The days of yore are behind us, to a large extent. Women world over (with some exceptions, obviously) are not blatantly discriminated against anymore. They rub shoulders with men of power and even show them their place from time to time. Pay parity is not as distant a dream as it used to be. And this is all wonderful not just for womankind, but for humanity by large. However, considering women investing, a starkly different narrative persists. This could be due to the unfair advantages men have gained due to years of oppression of women, and also thanks to inherent behavioural biases. Here, let’s discuss the latter.
The adage that men invest and women save is unfortunately still one that rings true. Numerous studies have shown that women are not just reluctant investors, but even the ones who enter the market are significantly less aggressive than men.
Speculations are galore for why this is the case. One perspective is that women have historically made less money compared to men, and are resultantly more conservative spenders than their counterparts. Also, protective/maternal instincts in women have been said to play a role as well, inherently making them more risk-averse. All this means that they are less active in the markets and that has further dented their potential earnings.
In light of all these potential bottlenecks, here’s why non-investing women should seriously consider taking the plunge:
1. They could be better at it than men
Studies have shown that men tend to take more risks and burn their fingers while women prefer a more cautious approach. Using a cricket analogy, parallels can be drawn between the investing style of men and the batting style of Virender Sehwag. On the other hand, women are more like Rahul Dravid; slow and steady, but ultimately more successful and consistent. Basically, being an aggressive investor is a double-edged sword. While the potential gains are greater, a financial catastrophe cannot be ruled out.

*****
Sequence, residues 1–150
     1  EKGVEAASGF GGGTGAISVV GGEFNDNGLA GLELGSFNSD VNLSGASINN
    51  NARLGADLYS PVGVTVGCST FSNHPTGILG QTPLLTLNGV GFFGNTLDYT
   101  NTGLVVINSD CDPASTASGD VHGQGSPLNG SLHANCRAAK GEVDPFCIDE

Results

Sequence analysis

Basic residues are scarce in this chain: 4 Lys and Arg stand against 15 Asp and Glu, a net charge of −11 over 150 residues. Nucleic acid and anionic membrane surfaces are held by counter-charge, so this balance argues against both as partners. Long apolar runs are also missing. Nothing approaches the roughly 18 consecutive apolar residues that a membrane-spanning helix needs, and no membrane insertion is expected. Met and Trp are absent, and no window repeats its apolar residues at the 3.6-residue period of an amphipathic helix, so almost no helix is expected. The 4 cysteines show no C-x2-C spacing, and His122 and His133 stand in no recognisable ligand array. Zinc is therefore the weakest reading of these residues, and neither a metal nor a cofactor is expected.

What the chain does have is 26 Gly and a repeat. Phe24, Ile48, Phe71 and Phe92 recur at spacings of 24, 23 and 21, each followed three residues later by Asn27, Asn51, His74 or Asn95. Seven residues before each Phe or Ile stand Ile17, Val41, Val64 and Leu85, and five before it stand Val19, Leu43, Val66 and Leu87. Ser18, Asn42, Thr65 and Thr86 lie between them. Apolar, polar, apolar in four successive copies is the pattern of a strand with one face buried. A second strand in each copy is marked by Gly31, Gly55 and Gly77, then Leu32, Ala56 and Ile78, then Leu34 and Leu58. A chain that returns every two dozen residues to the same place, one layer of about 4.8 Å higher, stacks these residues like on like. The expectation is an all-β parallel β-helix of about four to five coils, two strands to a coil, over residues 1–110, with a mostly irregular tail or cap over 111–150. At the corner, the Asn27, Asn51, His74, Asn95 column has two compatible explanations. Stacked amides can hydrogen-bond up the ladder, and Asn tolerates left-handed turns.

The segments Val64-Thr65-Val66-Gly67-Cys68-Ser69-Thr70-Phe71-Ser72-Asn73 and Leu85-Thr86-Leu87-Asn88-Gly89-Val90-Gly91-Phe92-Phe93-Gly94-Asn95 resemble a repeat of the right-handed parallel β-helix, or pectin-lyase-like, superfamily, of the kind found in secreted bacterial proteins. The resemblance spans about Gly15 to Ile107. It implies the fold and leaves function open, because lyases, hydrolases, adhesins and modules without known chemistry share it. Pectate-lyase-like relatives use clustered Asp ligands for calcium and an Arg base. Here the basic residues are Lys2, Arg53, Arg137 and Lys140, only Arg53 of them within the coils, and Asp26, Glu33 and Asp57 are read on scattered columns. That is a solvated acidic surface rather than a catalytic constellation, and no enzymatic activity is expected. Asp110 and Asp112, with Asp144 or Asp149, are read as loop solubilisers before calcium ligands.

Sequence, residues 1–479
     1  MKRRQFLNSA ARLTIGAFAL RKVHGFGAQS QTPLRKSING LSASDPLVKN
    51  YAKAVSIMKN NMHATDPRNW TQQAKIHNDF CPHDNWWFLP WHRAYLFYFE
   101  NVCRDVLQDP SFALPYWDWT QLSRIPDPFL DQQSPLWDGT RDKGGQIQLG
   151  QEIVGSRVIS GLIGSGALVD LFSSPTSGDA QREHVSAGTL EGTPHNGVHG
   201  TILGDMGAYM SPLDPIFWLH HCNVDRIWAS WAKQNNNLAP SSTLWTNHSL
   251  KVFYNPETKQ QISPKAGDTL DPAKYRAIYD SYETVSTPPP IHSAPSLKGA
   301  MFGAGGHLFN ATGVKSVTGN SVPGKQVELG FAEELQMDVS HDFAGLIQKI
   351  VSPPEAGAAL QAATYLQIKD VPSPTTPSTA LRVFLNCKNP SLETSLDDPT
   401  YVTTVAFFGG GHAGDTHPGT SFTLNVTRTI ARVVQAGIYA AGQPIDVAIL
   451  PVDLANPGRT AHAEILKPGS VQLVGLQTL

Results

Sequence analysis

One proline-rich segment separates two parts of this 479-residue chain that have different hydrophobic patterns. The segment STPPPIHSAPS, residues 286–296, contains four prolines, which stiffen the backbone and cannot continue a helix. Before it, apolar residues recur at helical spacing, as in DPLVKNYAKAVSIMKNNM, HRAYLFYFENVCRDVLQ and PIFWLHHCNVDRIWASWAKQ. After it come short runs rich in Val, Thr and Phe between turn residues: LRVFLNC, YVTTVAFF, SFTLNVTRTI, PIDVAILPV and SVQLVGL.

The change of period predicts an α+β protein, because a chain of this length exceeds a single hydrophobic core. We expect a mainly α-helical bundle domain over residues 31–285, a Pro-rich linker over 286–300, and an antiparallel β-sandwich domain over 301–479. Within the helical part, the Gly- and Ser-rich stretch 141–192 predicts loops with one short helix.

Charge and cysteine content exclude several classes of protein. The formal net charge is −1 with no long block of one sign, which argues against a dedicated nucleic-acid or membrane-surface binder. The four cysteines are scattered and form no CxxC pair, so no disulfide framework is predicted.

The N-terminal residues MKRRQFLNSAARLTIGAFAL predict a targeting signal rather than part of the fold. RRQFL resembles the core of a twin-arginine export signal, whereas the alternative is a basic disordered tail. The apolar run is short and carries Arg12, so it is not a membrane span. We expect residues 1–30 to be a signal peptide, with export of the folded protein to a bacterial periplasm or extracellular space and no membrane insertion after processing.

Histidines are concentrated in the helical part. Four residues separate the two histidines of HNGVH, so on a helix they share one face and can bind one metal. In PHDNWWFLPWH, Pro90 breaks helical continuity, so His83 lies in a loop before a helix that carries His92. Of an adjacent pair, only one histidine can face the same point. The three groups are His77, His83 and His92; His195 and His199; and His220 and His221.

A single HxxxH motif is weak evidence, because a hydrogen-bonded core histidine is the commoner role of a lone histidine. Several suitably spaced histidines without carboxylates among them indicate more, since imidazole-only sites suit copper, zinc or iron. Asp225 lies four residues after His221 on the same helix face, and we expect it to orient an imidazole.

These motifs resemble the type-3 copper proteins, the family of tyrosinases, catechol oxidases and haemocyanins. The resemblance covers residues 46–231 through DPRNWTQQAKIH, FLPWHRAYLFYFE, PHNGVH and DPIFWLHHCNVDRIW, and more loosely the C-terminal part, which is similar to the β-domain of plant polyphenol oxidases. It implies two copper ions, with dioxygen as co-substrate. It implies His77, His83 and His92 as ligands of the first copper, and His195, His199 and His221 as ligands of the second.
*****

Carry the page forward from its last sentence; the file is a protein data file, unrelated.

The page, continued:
2. They live longer
Statistically, women world over have higher life expectancy than men. While their longevity is one of the possible reasons for their outlook towards investments, it is actually also a reason why women should invest more. Longer life means more years in retirement and greater healthcare expenses owing to advancing age. It thus becomes all the more imperative for women to not just save, but invest and build wealth.
3. They should leverage the source of income
Lesser income earned translates to less money saved and even lesser money invested, ultimately resulting in an inadequate corpus. Hence, women could try to be more proactive while investing to ensure that they mitigate this unfortunate disadvantage.
4. They bear children
While maternity leave policies have changed for the better over the years, women can vouch for the fact that it has an adverse effect on their careers. Firstly, and very unfairly, this works against them while being employed. Even if one argues that this is not the case, it cannot be denied that a career break is a significant setback. One could lose a year or more when they might have even been at the peak. On making a comeback, the new mom needs to prove herself all over again, since their prior achievements are not in recent memory. In some cases, opportunities may dry up or they might even have to settle for lesser pay. Hence, earning years should be spent devising a concrete strategy to build a substantial corpus, while taking into account these pertinent factors.
Investing is paramount, not just for your long-term financial well-being, but also for peace of mind. It helps you stitch a cushion against any adverse situations, while also ensuring that you are able to keep up your lifestyle even long after you’ve stopped earning.
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